Dr Kate Mathers

UKRI Future Leaders Fellow - Geography and Environment

Kate is a freshwater scientist and passionate conservationist whose research sits at the interface of aquatic ecology, fluvial geomorphology, hydrology and sedimentology.

She received a UKRI Future Leaders Fellowship worth £1.1 million, in April 2020, to lead an interdisciplinary research programme. She and her team are exploring the global patterns, key mechanisms driving change, and ecological impacts of fine sediment deposition which threatens the biodiversity of freshwater ecosystems.

In January 2024, Kate was awarded additional funding by UKRI - extending her Fellowship to seven years.

Stuck in the mud: tackling the threat of fine sediment deposition in one of the most endangered habitats in the world

Freshwater ecosystems support a disproportionate amount of diversity compared to their surface area and represent significant global biodiversity hotspots. However, these habitats are under threat.

Between 1970 to 2014, freshwater ecosystems have recorded diversity declines of up to 83% – far exceeding the declines seen in land-based habitats.

Environmental change is happening on a global scale. One of the primary causes of reduced ecosystem health in rivers is the loss of habitat linked to excessive deposition of fine sediment – particles measuring less than 2mm. Although a natural part of river systems, changes to land use over time, such as intensive farming, and extreme rainfall and flooding caused by climatic change, have significantly increased the quantity of fine sediment found in river channels. This causes the habitat to become unsuitable for flora and fauna to thrive in, affecting all components of the food chain. 

Kate testing river water

My work addresses a fundamental and increasingly overlooked aspect of fine sedimentation; how environmental controls influence the effects of fine sediment deposition on freshwater ecological communities.

The aim is to predict the ecological impacts of fine sediment associated with environmental controls, for example the grain size of both the gravels and fine sediment, geographical setting – for example, upland or lowland – and timing of the sediment input relative to the organism’s lifecycle. This complex challenge involves the use of techniques from geomorphology, ecology and hydrology reflecting my training as a physical geographer.

Understanding the ecological implications of fine sediment is key to managing rivers so they maintain a healthy ecosystem that sustains economic activities as well as preserving valuable recreational spaces for future generations.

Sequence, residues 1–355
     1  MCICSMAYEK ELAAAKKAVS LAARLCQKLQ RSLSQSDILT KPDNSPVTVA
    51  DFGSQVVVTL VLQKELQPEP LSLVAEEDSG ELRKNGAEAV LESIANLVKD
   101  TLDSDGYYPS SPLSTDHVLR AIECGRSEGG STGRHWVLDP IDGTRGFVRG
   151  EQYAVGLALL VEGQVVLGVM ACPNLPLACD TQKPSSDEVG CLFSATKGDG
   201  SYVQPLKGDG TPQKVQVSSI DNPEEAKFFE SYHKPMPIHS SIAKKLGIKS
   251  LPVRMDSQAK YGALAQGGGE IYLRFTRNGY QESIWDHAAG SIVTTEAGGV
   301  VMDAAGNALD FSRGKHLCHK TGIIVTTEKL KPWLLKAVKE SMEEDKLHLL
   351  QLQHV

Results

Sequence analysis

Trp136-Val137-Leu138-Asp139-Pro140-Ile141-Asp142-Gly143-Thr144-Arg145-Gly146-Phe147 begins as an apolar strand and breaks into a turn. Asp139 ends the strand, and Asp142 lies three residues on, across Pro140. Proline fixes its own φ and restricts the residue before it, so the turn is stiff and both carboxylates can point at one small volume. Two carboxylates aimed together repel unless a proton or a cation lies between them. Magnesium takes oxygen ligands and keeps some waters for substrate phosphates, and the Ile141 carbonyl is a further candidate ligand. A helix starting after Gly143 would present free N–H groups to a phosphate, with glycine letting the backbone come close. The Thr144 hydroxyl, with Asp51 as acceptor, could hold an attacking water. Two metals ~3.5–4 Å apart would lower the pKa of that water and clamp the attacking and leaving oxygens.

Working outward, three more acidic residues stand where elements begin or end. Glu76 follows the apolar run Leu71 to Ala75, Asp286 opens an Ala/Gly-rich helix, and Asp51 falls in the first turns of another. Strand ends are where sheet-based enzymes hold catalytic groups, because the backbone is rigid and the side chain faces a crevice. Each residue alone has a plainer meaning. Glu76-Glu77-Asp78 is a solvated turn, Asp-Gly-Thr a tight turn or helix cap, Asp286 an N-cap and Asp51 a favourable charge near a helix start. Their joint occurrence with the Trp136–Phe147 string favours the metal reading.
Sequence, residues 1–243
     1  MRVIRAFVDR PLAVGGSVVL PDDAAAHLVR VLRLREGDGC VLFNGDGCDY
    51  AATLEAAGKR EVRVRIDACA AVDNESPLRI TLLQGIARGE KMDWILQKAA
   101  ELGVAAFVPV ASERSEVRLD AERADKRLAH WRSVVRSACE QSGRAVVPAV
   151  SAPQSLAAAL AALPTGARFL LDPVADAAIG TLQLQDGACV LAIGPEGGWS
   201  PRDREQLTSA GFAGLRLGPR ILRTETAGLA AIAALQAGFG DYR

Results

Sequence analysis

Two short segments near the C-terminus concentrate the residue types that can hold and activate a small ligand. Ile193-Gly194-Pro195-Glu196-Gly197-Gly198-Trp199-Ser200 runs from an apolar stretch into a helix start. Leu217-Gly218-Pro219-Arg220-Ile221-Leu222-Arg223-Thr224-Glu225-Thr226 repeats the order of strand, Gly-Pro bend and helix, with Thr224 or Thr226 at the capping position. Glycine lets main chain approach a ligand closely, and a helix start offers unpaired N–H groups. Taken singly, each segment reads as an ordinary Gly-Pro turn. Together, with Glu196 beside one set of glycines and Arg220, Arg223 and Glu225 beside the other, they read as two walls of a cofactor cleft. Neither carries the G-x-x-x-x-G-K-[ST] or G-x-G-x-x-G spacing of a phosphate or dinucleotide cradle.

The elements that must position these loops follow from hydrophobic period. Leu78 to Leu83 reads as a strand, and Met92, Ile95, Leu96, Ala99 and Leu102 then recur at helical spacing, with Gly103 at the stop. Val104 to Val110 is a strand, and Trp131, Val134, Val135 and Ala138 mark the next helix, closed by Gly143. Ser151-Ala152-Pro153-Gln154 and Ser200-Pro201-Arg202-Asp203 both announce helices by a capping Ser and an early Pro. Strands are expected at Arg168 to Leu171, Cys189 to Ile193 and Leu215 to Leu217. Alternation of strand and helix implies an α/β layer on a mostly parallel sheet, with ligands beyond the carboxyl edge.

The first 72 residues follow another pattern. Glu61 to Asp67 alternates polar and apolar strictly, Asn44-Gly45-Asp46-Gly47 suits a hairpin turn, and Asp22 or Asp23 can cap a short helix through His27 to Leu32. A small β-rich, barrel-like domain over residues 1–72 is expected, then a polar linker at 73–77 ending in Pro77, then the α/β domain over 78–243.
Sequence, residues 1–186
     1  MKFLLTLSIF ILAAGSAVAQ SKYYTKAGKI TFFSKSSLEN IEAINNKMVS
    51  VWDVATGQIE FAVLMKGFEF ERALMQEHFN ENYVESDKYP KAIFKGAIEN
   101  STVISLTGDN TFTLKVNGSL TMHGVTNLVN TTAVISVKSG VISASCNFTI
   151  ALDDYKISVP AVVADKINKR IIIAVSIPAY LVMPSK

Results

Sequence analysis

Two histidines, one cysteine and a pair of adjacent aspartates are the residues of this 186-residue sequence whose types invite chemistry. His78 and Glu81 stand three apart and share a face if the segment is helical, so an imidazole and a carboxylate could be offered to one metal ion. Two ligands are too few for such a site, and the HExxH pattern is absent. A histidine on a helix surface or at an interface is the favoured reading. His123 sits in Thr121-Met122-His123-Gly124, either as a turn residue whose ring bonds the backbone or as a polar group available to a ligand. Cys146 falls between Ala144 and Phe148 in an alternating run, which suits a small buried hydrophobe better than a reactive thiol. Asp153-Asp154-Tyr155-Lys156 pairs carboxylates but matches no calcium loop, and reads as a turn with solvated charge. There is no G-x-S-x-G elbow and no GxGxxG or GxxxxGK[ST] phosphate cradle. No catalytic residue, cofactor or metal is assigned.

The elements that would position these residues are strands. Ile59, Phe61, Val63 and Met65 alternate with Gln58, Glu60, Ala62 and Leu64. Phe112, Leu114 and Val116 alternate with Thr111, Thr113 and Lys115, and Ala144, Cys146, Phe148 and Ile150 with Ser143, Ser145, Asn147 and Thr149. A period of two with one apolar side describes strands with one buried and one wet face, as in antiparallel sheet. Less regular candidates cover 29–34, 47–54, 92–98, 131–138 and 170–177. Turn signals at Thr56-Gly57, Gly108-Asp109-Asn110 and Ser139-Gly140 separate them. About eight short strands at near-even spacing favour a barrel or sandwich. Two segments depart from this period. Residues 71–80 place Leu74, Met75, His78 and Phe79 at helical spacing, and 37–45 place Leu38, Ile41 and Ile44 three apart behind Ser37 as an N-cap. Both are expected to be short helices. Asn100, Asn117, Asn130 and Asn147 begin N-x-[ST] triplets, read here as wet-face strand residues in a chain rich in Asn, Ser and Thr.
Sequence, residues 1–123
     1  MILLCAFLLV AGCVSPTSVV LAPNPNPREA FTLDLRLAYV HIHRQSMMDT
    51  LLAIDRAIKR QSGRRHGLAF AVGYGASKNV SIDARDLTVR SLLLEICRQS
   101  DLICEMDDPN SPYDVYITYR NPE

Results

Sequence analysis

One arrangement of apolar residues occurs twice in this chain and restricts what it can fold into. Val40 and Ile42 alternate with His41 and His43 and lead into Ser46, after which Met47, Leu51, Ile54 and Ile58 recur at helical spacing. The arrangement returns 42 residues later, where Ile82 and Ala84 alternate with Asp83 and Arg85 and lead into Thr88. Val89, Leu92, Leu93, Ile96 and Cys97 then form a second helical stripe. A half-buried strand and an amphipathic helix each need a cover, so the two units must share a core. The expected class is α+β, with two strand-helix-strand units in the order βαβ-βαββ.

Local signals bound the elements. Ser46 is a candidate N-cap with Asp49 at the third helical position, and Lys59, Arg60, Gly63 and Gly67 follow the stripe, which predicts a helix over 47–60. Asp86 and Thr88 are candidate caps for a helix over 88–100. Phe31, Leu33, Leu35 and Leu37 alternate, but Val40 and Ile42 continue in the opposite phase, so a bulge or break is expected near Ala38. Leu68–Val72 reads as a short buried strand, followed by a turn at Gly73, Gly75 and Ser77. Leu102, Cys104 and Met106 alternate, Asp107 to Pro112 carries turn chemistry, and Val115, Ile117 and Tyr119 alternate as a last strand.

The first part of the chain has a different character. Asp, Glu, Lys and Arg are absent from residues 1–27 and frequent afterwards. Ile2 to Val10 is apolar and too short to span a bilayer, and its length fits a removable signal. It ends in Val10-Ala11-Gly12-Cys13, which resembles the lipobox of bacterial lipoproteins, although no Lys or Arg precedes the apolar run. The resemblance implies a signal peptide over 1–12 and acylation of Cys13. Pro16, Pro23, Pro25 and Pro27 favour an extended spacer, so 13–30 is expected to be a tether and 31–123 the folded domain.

One element of the programme is using international datasets from leading scientists and biomonitoring programmes around the world, to provide a much-needed global perspective on the role of environmental controls enabling new knowledge to be transferred to different countries. It will also combine multi-country fieldwork and artificial stream channel experiments in alpine and lowland settings, in addition to laboratory experiments over different spatial scales to develop and validate theories spanning different environmental settings.

Crustaceans in water

River invertebrates such as snails, insects, and crustaceans hold the key to the challenge as they are largely sedentary (unlike fish), diverse, ubiquitous and globally abundant. Importantly they are also keystone organisms in the foodweb. Each invertebrate species has different tolerances to environmental stressors so by understanding the composition of invertebrates at different locations, we can begin to understand the effect of fine sediment for the wider ecosystem. 

Ultimately this research will lead to an exciting step-change in our understanding and provide a framework to determine where and when rivers are most at threat from fine sediment pressures and provide evidence to support mitigation strategies. 

The research will have important global ramifications for how stakeholders allocate resources to monitor and manage river ecosystems and will enable more efficient and targeted conservation restoration plans.

My research journey

I undertook a PhD at Loughborough in collaboration with  the  Environment Agency (2013-17) and was awarded a Lord  Glendonbrook  Doctoral  Fellowship.

Following Research Associate posts at Loughborough and Nottingham Trent universities, I was awarded a Postdoctoral Fellowship at Eawag (the Swiss Federal institute for Aquatic Science and Technology) for two and a half years  before  returning  to  Loughborough  in 2020 to embark on my UKRI Fellowship.

Having worked on the ecological consequences of fine sediment within rivers for over nine years,  I’m  thrilled to be given the opportunity to pursue this further and to work with some of the leading researchers and industry partners across the  world. 

I am very fortunate to have been given such a privileged opportunity which  provides  me  with  the dedicated time and finances to pursue such an ambitious and exciting research topic.

The Fellowship is helping to transform my career by acting as a springboard to solidify my research profile while  opening up  further collaborative networks. It's exciting to take the next step in my career - developing a research group. It would not have been possible without the Fellowship.

Dr Kate Mathers

Dr Kate Mathers

UKRI Future Leaders Fellow